Sometimes you go looking for a job, and sometimes the job finds you. Herbert “Herbie” Demit never had any intention of becoming a health aide. He’d been a carpenter, a trucker, a heavy equipment operator, and a village public safety officer, but learning precise details about the body and then applying that knowledge to diagnose and treat humans had never entered his mind.
“This lady in the Tanacross village office was telling me about the job being open and all the benefits it offered, but how hard it was to fill the health aide positions. As a laugh my big mouth said, ‘Well, if no one applies, put me down.’ Two weeks later I was notified that I’d gotten the job. I didn’t intend to, but I got interested in it real quick. It was so challenging, learning how the body works and then using what you know to help people. And there is so much variety in the work.”
The job had come at just the right time for Herbie, who had become a single parent to six children and needed the more regular routine the health aide position offered. As he says, “It can be hard to find a permanent job in rural Alaska, let alone one that is so interesting, pays well, and has normal hours. We do respond to emergencies around the clock, but I share the workload with another health aide, Kara Jonathan, so we trade off being on call on nights and weekends.”
When not at the clinic, Herbie is surrounded by children. Over the three years he has been a health aide, Herbie’s oldest three children have started off on their own lives. However, his three youngest have been joined by another sibling, the daughter of his new partner, as well as a group of youngsters that he informally mentors. The area surrounding Tanacross, a village of about 170 people located on the south bank of the Tanana River, about 12 miles from Tok, offers an abundance of opportunities for passing on traditional skills and knowledge to these children. This past summer, Herbie and his family, sometimes joined by other children, were home only three weekends; the rest of the time they were camping, fishing, hunting, and learning how to use what they’d gathered.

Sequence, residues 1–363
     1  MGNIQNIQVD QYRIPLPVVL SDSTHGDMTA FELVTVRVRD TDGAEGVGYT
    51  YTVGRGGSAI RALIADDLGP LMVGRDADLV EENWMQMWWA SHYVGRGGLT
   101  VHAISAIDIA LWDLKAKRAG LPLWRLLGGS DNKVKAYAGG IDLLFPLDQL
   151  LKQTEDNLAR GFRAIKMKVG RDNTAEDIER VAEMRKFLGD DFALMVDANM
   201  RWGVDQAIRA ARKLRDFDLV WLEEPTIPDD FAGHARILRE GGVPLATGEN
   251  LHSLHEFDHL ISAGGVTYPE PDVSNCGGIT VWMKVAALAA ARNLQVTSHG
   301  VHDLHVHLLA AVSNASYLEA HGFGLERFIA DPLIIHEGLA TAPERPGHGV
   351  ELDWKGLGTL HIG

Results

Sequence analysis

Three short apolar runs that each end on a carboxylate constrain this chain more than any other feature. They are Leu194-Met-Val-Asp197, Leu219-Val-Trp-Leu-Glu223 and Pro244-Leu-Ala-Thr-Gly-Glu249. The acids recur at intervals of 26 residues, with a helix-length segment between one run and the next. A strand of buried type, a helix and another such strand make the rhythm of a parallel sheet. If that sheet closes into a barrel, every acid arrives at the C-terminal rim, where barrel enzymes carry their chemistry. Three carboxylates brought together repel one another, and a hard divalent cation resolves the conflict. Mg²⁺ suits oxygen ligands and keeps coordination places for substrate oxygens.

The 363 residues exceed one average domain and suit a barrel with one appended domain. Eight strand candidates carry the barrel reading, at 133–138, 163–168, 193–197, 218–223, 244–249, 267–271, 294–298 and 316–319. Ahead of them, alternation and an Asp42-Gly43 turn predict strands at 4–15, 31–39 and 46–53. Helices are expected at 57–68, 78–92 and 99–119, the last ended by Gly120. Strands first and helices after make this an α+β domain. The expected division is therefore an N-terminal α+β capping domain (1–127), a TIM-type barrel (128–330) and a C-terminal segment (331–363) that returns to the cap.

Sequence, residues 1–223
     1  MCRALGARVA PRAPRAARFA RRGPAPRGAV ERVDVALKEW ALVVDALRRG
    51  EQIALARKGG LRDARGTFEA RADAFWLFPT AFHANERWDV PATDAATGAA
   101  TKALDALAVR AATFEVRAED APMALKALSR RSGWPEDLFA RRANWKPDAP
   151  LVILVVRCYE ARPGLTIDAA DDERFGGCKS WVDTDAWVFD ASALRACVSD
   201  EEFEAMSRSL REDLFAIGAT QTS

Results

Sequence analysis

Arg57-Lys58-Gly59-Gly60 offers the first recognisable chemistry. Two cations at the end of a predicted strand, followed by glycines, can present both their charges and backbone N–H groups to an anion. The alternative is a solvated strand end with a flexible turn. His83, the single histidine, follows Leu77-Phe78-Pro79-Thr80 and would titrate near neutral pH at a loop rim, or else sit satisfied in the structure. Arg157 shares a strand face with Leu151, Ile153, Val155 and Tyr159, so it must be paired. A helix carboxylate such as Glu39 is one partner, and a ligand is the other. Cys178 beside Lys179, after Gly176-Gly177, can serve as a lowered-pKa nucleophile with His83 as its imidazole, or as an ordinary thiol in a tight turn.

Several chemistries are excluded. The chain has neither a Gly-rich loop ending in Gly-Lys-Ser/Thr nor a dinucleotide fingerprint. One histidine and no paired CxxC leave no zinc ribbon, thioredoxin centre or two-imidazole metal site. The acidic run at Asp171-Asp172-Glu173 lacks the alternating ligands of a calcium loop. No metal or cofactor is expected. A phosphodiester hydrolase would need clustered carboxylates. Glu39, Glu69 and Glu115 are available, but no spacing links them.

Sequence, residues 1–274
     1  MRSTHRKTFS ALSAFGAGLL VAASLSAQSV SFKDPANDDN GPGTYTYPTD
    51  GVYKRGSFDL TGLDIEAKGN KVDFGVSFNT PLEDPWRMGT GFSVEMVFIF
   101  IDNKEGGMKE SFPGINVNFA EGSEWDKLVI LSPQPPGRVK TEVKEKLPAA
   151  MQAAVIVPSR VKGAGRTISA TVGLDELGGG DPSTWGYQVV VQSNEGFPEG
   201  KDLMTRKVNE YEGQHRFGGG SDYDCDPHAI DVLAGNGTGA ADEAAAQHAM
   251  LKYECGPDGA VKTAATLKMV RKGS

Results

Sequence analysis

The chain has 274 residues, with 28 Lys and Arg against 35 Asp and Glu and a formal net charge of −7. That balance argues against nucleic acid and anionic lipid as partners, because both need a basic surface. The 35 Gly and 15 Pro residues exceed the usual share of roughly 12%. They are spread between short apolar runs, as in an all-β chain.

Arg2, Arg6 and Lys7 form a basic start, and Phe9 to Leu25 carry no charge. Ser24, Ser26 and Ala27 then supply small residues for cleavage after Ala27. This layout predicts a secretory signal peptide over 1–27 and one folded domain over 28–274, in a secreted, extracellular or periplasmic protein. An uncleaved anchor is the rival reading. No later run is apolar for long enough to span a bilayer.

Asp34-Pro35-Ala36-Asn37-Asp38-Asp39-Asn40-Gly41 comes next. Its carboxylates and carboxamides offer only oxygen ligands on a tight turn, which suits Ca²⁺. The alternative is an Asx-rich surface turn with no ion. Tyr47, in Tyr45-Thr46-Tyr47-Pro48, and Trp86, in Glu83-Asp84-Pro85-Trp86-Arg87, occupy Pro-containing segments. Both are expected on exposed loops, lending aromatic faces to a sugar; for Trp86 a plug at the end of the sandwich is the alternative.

“Last weekend, six kids came over and we all butchered a moose leg and then turned it into soup. It was so much fun to watch them master these skills. It is so much easier to go to the store to buy something to eat than it is to find and put up traditional foods. I worry that the techniques our grandparents used are not being taught to the younger generation…Of course, there is some self-interest on my part, too,” Herbie says with a laugh. “When I am too old to do this stuff for myself, I want to be sure there are younger people who can harvest and share their food with me!”
Herbie, who is also the Chief of Tanacross, is leaving the health aide job that he loves so much. In October he was elected to the executive board of the Tanana Chiefs Conference, and the bylaws prohibit board members from being employees. His new position will allow him to serve his community in other ways but he won’t soon forget his experiences as a health aide. He is full of praise for his co-worker Kara, as well as all the other members of the health aide program. “The CHAP family is filled with great people who are willing to help you every step of the way. I could not have asked for a better group to work with. Just a few weeks ago my niece asked me about becoming a health aide and I told her ‘Go for it! You will not regret a minute of it.’”
Angela Lucien, Herbie’s supervisor is sorry to see him leave but knows he is not done helping his community. As she said, “The CHAP program is very grateful for Herbie Demit’s commitment and service over the last three years as a Health Aide in Tanacross. We will miss his jovial attitude and caring demeanor, but are very excited for him to start in his new role on TCC’s Executive Board representing the Upper Tanana region. We have no doubt that Herbie will continue to make great contributions!”